Homebuyers with moderate to limited income might be apprehensive about obtaining a mortgage and shopping for a home. However, there are several options for low-income buyers to help them achieve their dream of home ownership. Buyers can usually select one of several methods to keep out-of-pocket costs at a minimum when it comes to signing on the dotted line.
Locate A Home
Local real estate agents have listing information on homes that will fit your budget. Establishing the search criteria is important when beginning your hunt. The number of bedrooms, size, year built and even the school district are important characteristics to look for. It may seem difficult, but finding the perfect home is possible if you keep your expectations realistic and understand that certain improvements can be made after the sale is finalized.
Finding a house that fits your budget is directly related to your buying power. Many lenders may refer to this as your "debt to income ratio." Simply put, this ratio equates to what kind of monthly payment you will qualify for. Once this number is established based upon your income information, you will know what price range you can look in. There are, however, other factors such as credit score and work history that are used to establish eligibility.
Down Payment Assistance
Many community, city, county and state agencies offer down payment assistance programs. These programs usually have unique qualification guidelines, which may focus on income, assets, credit, occupancy and location. There are also numerous nonprofit organizations that assist with down-payment assistance for first-time homebuyers. Check with your local city or county to see if your area offers down-payment help. Additionally, local lenders should have information regarding available programs offered in your area.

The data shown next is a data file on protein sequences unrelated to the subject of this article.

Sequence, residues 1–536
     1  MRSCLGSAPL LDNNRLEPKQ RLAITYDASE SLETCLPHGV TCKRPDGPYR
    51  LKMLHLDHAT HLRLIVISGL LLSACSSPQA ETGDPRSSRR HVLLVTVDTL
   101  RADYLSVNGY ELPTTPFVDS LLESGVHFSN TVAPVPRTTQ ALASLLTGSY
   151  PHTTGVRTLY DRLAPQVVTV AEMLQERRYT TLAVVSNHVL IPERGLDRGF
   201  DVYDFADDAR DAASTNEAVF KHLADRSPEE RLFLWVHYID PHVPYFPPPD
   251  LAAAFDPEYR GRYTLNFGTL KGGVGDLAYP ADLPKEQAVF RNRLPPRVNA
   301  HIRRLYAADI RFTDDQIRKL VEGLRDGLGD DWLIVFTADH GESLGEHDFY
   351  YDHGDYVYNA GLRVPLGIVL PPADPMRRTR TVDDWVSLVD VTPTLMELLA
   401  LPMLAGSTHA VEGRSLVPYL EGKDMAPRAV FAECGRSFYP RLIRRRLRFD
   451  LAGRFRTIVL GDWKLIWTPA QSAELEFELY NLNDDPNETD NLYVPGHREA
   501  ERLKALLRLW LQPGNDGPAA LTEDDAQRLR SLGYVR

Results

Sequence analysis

The USDA offers a zero down loan for buyers with low to moderate income. Not only will you need to qualify for the loan, but the property does as well. The rural development loan is geared towards homes in rural areas, but surprisingly many approved homes are closer to town than you would think. Additionally, there are other loan programs tailored to those with lower income, such as FHA and VA loans. FHA typically offers buyers a 3.5 percent down payment option, and VA is zero down.
Seller Paid Closing Costs
Closing costs are purchase-related fees payable at closing. These fees can consist of lender origination fees, discount points, escrow fees, appraisal fees, and prepaid insurance and tax premiums. Not surprisingly these dollars can add up very quickly, making it difficult for buyers with limited income to make it to the closing table. But it's very customary for sellers to help pay for a buyer's closing costs in order to get the deal done. Ask your agent to include paying part of your closing costs in negotiations with the sellers.
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